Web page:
In the case of Ponzu the cat, who died after a fracas in McCarren Park on Easter Sunday, police have charged two Brooklyn women with assault. On April 21 Evelyn Serrano, 42, was arrested in connection with the incident. And on April 28, Julie Rodriguez, 34, was also charged.
According to Ponzu’s owners, Chanan Aksornnan and her partner (who chose not to reveal his name), the trouble unfolded this way: the couple was in McCarren Park on that April 4 afternoon with their four pets: Mango the sun conure, a kind of parrot; Kimchi and Ponzu, the cats; and Tofu the dog. They were taking their regular walk in the park after having lunch at a nearby restaurant. Mango was on the shoulder of Aksornnan’s partner and Kimchi was in a stroller, while Tofu and Ponzu were each on a leash.
According to the Brooklyn couple, Ponzu was walking on a curb with the leash on, as he had been trained to do so, when a boy ran into the leash. The pull caused Ponzu to be dragged into the air, they said, and he fell hard. Ponzu tried to escape the leash, but according to Aksornnan, the boy didn’t stop but kept dragging the cat forward. Aksornnan says she ran to Ponzu and held him in her arms, finding that his right claws had been ripped out from being dragged.
The three-year-old cat was in visible pain at that moment, Aksornnan said, and then she realized something worse was wrong with the cat. Ponzu had been diagnosed with a heart disease and was on medication three times a day. The couple suspected that his heart condition had kicked in.
As she describes it, Aksornnan said “What did you do?” to the boy. The boy, in turn, ran back to his family, which consisted of five adults and three children, according to the couple.
That’s when, according to Aksornnan, a verbal assault began, and one of the family members yelled and cursed at her. Then the incident turned physical.
According to the police, Evelyn Serrano grabbed the victim and threw her to the ground, causing scratches and pain.
A video posted on Twitter showed that Aksornnan was punched to the ground. Aksornnan’s partner said he tried to stop the attack but got hit in the face by one of the male members of the group, breaking his nose and his glasses. The man who threw the punches then ran to his car and left.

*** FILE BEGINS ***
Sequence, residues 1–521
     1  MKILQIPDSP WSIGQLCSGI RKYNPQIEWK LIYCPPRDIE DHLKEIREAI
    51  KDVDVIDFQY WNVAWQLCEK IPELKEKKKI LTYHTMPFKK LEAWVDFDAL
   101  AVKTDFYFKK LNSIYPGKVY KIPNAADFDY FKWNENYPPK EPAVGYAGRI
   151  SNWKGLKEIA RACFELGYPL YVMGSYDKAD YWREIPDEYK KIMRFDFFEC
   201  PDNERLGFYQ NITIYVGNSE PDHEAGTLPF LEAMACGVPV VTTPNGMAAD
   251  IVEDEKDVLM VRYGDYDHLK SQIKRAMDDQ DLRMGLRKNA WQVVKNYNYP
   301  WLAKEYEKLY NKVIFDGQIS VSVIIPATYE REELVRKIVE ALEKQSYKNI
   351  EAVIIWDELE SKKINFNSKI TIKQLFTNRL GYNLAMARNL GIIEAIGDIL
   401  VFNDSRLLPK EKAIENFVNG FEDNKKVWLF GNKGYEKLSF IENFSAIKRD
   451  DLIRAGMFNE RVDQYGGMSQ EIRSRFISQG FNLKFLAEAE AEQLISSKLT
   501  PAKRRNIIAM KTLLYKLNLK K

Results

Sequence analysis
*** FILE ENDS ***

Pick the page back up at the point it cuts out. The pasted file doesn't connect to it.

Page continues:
Aksornnan said when people tried to stop the assault and asked what happened, one of the group from the boy’s side shouted that “the cat attacked my kid; she (Aksornnan) hit my son, that’s why she got this.”
One of the witnesses called the police, according to the couple, but the family left the scene before the police arrived. Ponzu was not able to make it to an animal hospital. He died at the park. The detective squad of the 94 Precinct declined to comment on the case.
At the suggestion of friends, Aksornnan says she later decided to go public to try to accelerate the police investigation. The hashtag “justice for Ponzu” went viral on social media, and after details of the incident were posted on Instagram and Twitter, some people who followed the case started to search for the boy’s family online. Some advocates on Twitter identified names, claiming that those individuals were involved in the assault.
Aksornnan and her partner say they became concerned that the online crusade was getting out of control, and said they wanted the police to do the job instead. They were grateful, they said, for the support they received through social media, but as the news went viral, misinterpretations also appeared: People on Twitter called the incident another Asian Hate crime, because Aksornnan is originally from Thailand. Yet the couple said there is no evidence linking the attack to racism.
Aksornnan said Ponzu, a British shorthair, loved exploring the world and having a good time with other members in the pet family. He is missed.